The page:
Here’s five words any small business would be thrilled to consider at this point: “Let’s move past the pandemic.”
Yes, it presented unprecedented existential business challenges. And yes, it forced ten years of digital banking innovation into about eight months. And although the virus itself is proving to be a stubborn global force from a business perspective, it’s time to move on. The next cycle of business dynamics for small businesses will be about the move from survive to thrive. It will be about evaluating the changes of the past year and building on them. And the best source of advice and solutions to move forward are banks – both corporate and community. As banks move from “digital-first” to “digital next,” small businesses present a unique and profitable opportunity.
New footing for the small business-banking relationship requires a wider lens than the pandemic.
- First, on the positive side, the 30 million US small businesses that have made it through the cauldron of 2020 represent a $370 billion opportunity for financial institutions.
- Second, small businesses now need banks to be a source of digital next banking technology as well as more basic blocking-and-tackling functions like backoffice operations, accounting and invoicing.
- Third, the small business customer, like the consumer, is moving decidedly toward digital banking. According to an Accenture December 2020 report, only 32 percent of consumers interacted with their bank via website or mobile app in 2018. By the end of 2020, that was up to 50 percent.
On the more challenging side of the ledger, the cash flow and cash management issues that resulted from the pandemic could be more acute as small businesses mount a comeback. Government programs may have helped in 2020, but now small businesses need to generate cash, spend it efficiently and plan for the lifecycle of the business, not an interrupted set of unprecedented events. The small businesses-banking relationship in many cases may need to be reset.
As banks look toward that reset, there are a host of ways they can help small business clients recover, plan for the future and compete for the digital next consumer:
Embrace digital banking through embedded solutions: Any small business that signs up for upgraded or even basic digital banking suites will expect better customer relationships, data analytics, and less friction in the onboarding process. That’s not enough in the digital-next environment. Embedded solutions will incorporate payments, cash flow management, digital invoices, accounting and financial reporting and other features, inside of a bank’s online and mobile banking channel. The next generation of digital banking customers will see these features as table stakes and embedded solutions from banks will help small businesses compete for them.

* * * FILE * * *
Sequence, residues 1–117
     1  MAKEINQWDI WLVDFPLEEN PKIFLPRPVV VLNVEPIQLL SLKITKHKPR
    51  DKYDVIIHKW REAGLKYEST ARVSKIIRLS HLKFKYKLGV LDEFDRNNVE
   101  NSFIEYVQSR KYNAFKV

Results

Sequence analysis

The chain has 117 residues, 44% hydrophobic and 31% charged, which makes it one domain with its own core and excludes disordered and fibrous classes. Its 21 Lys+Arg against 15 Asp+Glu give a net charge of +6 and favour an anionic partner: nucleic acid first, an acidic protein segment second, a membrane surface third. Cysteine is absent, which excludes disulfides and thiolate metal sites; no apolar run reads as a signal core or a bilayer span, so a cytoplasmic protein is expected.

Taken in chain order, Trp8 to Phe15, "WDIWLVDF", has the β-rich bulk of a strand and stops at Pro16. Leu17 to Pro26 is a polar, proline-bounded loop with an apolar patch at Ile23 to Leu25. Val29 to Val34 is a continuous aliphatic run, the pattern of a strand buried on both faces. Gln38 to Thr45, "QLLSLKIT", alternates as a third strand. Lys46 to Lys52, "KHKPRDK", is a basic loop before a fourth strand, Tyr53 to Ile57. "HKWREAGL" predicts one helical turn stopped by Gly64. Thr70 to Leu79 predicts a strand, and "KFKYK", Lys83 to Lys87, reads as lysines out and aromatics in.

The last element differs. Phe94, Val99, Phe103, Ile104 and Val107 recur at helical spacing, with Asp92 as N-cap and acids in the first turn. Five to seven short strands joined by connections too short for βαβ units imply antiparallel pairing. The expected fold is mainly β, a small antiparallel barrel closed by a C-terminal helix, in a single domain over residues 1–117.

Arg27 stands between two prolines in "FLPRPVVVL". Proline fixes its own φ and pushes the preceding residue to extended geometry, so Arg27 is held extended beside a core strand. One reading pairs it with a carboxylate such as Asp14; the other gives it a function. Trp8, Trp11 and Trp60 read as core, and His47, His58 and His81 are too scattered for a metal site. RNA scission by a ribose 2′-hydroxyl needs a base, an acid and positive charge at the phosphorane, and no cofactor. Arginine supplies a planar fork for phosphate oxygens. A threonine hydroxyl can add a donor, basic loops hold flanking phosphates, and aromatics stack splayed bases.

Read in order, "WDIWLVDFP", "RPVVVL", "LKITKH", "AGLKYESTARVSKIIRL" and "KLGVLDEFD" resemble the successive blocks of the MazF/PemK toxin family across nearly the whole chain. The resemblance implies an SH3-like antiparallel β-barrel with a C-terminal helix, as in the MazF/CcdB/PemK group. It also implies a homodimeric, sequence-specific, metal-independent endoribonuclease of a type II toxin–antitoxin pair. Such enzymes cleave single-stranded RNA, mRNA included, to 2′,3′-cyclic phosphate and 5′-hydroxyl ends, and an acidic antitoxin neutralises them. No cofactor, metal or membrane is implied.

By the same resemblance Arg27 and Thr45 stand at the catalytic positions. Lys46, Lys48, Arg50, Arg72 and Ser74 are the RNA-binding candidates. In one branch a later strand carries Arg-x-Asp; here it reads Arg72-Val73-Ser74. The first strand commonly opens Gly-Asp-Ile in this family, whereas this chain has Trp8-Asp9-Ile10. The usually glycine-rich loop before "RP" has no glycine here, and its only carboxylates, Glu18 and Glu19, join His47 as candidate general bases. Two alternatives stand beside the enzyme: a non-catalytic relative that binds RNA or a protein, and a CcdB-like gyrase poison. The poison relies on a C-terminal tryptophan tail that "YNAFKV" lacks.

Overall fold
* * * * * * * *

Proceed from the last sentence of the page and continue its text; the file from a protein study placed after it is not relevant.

Obsess over cash flow: small businesses are vulnerable to cash flow issues even in good economies. That has been magnified. According to a Mercator Advisory Group 2020 report, 39 percent are looking for a larger credit line up from the 32 percent reported last year. Business debit card use has increased from 34 percent in 2019 to 42 percent in 2020, and charge card use grew from 23 to 31 percent. Cash flow is not just about sales revenue. It’s about controlling revenue. It’s about automating and optimizing technology that controls how a business gets paid, pays out, tracks revenue and accepts online payments. Banks need to extend these services to tap into the $370 billion small business opportunity.
Select and partner with relevant fintechs: Legacy banks and credit unions will need to elevate their conversations when it comes to small business – focusing on the reality of a small business ecosystem and addressing the issues that impact their daily lives. “So now for every bank that really cares about small business banking, that’s a vertical inside of banking,” says Autobooks marketing VP Derik Sutton. “Wouldn’t it be valuable to bring the tools to enable a business owner to get paid? Isn’t it valuable to integrate those directly back into the banking ecosystem relationship? So now a business owner doesn’t have to go to a third party, non-bank app provider to accept payment, and, more or less, transfer that money into the bank banking ecosystem.”
The Bottomline: No sector of the financial services business has it easy right now. As financial institutions cope with a level of competition from fintechs – whether they’re a huge corporate bank or a regional credit union – they must also do more to support the success of their small business customers, preserve customer loyalty and deepen relationships. Financial institutions and their small business customers will both need to find new ways to engage and create these new relationships, which can potentially be more valuable than one based strictly on transactions. With $370 billion on the line, the bank- small business reset is an urgent one.
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